To change gears a little, what was your childhood like and when did mental health come into the picture?

Patrick: Whenever I was with my family, it was always the highlight. School and family were also intertwined because I went to school with so many of my family members. It was shortly after my parents got divorced when I was 13 that I was taken to see my first psychotherapist. And it was thought that because of the trauma of my parent’s separation and the impact it had on me that it was important that I start psychotherapy. I think my parents were just concerned about my emotional growth and worried about what this would do.

“The Child Mind Institute is giving us a path by which we can have greater confidence and hope not only for our kids but for our whole society at large.”

What was the experience like?

Patrick: I was less apprehensive about seeing a therapist when I was 13 than when I was in my 20’s because as a kid the excuse was, well, your parents are getting divorced. Later on when I went to a therapist as a young adult in my 20’s, I did feel self-conscious. I did feel the stigma of mental health. I was painfully aware when I went to the pharmacy when I had to pick up medication and the look of whoever was at the cash register when they gave me my meds. I was feeling more stigmatized as I grew older ’cause I kind of felt like I should have gotten a handle on this. I shouldn’t need it anymore. And I think the big conundrum in these illnesses is that if you have a chronic illness like I have — I’ve been diagnosed with severe depression, bipolar disorder — that you need constant treatment, which is the key to keeping it at bay. But the general notion is that if you have to keep going back for care you’re somehow failing as opposed to looking at it as no, no, you are winning because you’re maintaining your recovery. But of course we don’t have that mindset in our country. We think of illness as purely an acute care setting and you go in and get taken care of and you leave. I think we need a general change of attitude and outlook on mental illnesses. And when we do that mental health is going to be a crucial component thankfully because the law I had a part in authoring we’re now required to offer mental health in every health insurance plan in this country.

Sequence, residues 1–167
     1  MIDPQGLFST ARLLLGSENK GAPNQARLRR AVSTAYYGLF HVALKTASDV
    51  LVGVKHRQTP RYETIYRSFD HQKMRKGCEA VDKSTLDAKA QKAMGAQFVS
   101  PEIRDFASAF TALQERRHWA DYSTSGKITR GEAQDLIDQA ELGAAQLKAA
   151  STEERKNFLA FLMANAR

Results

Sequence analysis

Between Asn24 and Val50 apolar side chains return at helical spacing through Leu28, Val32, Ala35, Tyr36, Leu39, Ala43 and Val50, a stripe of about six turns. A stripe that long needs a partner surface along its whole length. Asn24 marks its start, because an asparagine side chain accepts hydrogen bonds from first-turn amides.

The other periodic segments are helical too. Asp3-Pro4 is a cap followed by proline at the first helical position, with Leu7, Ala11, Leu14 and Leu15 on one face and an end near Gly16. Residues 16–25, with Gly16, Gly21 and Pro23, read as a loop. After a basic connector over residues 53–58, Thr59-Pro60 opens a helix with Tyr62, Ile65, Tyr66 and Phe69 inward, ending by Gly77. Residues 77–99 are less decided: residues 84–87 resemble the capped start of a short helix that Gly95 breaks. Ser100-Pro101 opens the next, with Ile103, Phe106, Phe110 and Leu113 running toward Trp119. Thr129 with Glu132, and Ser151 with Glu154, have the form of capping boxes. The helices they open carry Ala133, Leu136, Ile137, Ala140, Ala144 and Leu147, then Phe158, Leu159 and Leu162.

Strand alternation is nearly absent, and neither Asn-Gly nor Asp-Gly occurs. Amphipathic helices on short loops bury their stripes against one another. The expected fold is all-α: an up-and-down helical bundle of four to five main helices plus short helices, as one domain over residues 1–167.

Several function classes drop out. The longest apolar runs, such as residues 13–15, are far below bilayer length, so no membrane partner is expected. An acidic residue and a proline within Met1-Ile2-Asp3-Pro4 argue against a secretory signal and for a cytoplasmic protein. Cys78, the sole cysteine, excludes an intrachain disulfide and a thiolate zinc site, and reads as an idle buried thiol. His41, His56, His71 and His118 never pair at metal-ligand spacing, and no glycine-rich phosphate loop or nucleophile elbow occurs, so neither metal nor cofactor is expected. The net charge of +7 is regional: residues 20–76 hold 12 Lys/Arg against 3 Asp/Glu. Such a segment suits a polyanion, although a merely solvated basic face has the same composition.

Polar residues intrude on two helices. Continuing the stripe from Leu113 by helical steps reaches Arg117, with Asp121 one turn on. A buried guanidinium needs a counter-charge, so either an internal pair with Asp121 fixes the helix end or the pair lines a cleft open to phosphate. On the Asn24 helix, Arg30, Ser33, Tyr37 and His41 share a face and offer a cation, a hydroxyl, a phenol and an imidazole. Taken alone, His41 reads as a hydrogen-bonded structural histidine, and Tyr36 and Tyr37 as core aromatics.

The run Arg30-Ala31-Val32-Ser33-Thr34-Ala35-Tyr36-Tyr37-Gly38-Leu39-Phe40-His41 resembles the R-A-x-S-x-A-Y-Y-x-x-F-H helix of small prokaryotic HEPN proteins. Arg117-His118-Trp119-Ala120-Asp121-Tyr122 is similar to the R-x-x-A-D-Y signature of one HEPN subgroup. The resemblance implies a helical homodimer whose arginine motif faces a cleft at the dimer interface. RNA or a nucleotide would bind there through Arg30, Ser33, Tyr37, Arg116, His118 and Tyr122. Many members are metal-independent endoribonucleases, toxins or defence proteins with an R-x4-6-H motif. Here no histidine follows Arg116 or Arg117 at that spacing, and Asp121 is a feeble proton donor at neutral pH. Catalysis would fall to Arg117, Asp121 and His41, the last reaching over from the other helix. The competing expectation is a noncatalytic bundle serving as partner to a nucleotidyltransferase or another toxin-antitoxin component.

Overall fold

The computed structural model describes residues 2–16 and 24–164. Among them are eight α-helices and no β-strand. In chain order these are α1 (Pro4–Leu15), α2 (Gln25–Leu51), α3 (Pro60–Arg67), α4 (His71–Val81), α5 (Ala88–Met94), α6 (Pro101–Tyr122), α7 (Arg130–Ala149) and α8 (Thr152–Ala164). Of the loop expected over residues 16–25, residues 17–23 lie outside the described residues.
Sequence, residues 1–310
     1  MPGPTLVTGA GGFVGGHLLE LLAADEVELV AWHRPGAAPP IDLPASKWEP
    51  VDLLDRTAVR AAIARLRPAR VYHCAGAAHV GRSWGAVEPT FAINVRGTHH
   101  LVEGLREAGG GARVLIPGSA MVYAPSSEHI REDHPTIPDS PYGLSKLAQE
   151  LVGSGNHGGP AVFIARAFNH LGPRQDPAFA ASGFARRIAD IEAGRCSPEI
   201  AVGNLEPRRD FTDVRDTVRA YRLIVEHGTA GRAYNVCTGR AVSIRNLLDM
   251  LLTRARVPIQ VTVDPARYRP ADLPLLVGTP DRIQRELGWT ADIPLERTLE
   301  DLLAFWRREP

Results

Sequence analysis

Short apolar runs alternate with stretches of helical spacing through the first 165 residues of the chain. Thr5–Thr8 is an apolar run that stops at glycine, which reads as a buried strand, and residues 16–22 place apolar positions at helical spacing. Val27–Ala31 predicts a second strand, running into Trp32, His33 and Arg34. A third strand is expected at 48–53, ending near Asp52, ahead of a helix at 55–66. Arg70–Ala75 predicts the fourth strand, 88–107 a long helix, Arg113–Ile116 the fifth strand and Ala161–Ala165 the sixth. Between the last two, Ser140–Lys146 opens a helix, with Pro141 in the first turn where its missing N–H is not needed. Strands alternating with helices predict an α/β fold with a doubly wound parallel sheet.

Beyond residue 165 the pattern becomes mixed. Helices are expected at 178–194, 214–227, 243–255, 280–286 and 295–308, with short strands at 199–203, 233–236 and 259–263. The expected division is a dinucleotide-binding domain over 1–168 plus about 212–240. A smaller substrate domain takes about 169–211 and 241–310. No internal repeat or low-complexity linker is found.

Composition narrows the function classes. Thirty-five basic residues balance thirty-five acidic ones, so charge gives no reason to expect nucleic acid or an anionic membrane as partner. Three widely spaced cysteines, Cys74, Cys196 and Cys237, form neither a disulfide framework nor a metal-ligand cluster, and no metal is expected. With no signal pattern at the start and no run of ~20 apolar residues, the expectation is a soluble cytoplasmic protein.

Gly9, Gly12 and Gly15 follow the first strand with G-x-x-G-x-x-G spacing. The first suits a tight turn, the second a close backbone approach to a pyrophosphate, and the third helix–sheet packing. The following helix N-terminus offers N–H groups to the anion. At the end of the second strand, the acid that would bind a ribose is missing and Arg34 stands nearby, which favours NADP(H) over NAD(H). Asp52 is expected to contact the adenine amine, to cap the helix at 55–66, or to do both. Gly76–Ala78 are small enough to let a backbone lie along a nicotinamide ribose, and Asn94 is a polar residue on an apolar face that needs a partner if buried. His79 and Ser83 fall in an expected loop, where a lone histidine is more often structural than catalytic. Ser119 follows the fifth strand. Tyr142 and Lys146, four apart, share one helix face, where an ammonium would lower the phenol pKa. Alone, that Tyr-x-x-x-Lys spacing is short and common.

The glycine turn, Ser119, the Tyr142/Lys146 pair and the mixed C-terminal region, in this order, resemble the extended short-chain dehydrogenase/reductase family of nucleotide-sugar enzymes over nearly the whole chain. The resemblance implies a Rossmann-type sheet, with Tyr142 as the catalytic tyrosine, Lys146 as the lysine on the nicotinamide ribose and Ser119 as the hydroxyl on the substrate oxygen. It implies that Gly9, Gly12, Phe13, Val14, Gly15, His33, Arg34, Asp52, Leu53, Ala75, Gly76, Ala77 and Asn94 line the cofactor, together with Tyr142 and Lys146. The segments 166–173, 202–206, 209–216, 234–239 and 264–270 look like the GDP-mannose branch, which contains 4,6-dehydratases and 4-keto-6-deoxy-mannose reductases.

“The best deficit reduction plan that hasn’t been considered is curing all brain illnesses. When you think about the lost productivity — let alone the lost school days, active days of work — the implications on our society at large of untreated mental illness… it’s astonishing.”

What would you suggest to a parent who may have a child with behavioral problem or some kind of anxiety or moodiness?

Patrick: The exciting time that we are living in now means that we understand more about how to treat these illnesses and these behaviors as medical issues, as treatable issues. And they are no longer a matter of doubt in terms of what to do. It’s more a question of how do we take what we do know to scale. And you wouldn’t expect any differently for any other area of health care if it works then make sure it works for everybody. We know already great therapies that have a demonstrable impact on reducing someone’s suffering but that’s not widely available. I like what the Child Mind Institute has done because it has helped accelerate not only the science and research but also the translation of that science into treatments that can be brought to scale even for kids that aren’t in their network.